Claus Tøndering gave a seemingly equivalent definition of the inverse here on p.44 (if the definition should not be equivalent, please point out why). He defines $y$ through $y^L$ and $y^R$ as such: $$0\in y^L$$ $$z\in y^L \Rightarrow \tfrac{1+(x^R-x)z}{x^R}\in y^L, \tfrac{1+(x^L-x)z}{x^L}\in y^R$$ $$z\in y^R \Rightarrow \tfrac{1+(x^L-x)z}{x^L}\in y^L, \tfrac{1+(x^R-x)z}{x^R}\in y^R$$

This is still "too" recursive to be formalized. One of my problems is that I can't comprehend the cardinality of $y^L$ and $y^R$. I mean, I could define $y^L_0 = \{0\}, y^R_0 = \{\}$ and for $n\in\mathbb{N}, n>0$ change Tønderings definitions to $z\in y^L_{n-1} \Rightarrow \ldots\in y^L_n$ and so on (or better: $$y^L_n = \left\{\left.\tfrac{1+(x^R-x)z}{x^R}\right|z\in y^L_{n-1}\right\}\cup\left\{\left.\tfrac{1+(x^L-x)z}{x^L}\in y^L \right|z\in y^R_{n-1}\right\}$$ and $y^R$ analogue) and conjecture $$y^L = \{0\}\cup\bigcup_{n\in\mathbb{N}} y^L_n,\quad y^R = \bigcup_{n\in\mathbb{N}} y^R_n$$

Here is my problem: I really doubt I could prove that. First off, I'm having trouble believing the equality holds, that I could miss something by merely having a countable union. Secondly, $y^L$ and $y^R$ are required to be sets and I can image how they accidentally could become classes this way with some $x$ nefarious enough (maybe $x=\beta-\alpha$ is enough already?), because maybe the set generation process never stops at a certain day. I get couldn't information about this topic at all. In papers about surreal numbers either they are just given like here without further doubt or not explicitly given at all. Some papers, like these from Philip Ehrlich, go deeper into cardinality or other theories above my understanding, so if the issue would be resolved there, I wouldn't have noticed.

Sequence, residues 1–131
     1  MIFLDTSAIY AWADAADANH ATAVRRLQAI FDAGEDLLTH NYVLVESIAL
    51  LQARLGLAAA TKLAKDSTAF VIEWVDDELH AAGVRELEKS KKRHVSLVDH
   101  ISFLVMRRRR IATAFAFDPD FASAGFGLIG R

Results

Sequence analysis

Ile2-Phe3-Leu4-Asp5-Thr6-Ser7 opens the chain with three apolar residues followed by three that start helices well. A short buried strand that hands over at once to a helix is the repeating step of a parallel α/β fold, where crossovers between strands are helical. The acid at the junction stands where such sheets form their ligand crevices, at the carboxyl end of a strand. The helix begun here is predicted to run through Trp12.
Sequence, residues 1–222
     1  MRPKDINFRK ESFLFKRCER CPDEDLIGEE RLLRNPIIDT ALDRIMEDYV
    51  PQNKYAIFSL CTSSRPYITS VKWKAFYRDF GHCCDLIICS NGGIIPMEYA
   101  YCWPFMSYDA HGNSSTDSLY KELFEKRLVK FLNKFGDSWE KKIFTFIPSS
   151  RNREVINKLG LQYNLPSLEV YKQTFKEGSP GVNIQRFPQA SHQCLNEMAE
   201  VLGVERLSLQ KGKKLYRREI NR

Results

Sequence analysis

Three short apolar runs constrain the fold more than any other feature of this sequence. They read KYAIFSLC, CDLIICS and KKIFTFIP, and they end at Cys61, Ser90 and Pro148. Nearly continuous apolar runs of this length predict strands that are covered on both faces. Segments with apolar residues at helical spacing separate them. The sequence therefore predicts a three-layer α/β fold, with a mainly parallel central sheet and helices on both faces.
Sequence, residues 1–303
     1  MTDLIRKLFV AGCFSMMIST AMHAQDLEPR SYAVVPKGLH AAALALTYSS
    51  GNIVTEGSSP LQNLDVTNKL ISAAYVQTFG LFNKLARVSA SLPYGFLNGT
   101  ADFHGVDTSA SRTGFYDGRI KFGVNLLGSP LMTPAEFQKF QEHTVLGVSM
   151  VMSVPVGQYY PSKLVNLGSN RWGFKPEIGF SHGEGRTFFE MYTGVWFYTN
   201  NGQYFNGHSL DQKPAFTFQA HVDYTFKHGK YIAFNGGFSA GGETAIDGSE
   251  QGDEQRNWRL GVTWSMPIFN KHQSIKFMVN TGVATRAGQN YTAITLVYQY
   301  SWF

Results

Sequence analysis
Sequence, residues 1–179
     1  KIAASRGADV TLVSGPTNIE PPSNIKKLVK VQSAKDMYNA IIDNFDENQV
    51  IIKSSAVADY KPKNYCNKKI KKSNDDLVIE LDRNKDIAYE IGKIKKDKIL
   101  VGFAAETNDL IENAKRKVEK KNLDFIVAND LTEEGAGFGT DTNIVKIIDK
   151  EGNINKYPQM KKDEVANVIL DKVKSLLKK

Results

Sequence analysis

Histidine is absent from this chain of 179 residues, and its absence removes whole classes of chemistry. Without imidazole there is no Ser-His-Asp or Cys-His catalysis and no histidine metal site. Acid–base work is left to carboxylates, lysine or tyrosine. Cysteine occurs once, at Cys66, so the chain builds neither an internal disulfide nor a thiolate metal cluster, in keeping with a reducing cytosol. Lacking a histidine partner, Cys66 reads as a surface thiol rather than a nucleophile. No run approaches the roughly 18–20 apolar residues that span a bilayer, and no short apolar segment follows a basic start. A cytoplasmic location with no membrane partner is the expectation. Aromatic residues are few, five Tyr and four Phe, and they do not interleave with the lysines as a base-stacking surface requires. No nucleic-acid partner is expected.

On the matter of the $y^L_n$ and $y^R_n$ being sets, Conway writes

Theorem 10. We have (i) $xy^L<1<xy^R$ for all $y^L,y^R$.
(ii) $y$ is a number. [(iii) and (iv) left out]
Proof. We observe that the options of $y$ are defined by formulae of the form $$y''=\frac{1+(x'-x)y'}{x'}$$ where $y''$ is an earlier option of $y$, and $x'$ some non-zero-option of $x$. This formula can be written $$1-xy'' = (1-xy')\frac{x'-x}{x'}$$ which shows that $y''$ satisfies (i) if $y'$ does. Plainly $0$ does. Part (ii) now follows, since we cannot have any inequality $y^L\geq y^R$. [...]

As far as my understanding goes, with "$y$ is a number" he means "if $y$ is a game, then it's a number", as this proof (directly following the remark after the definition) does not indicate the sethood of $y^L$ or $y_R$ in my eyes.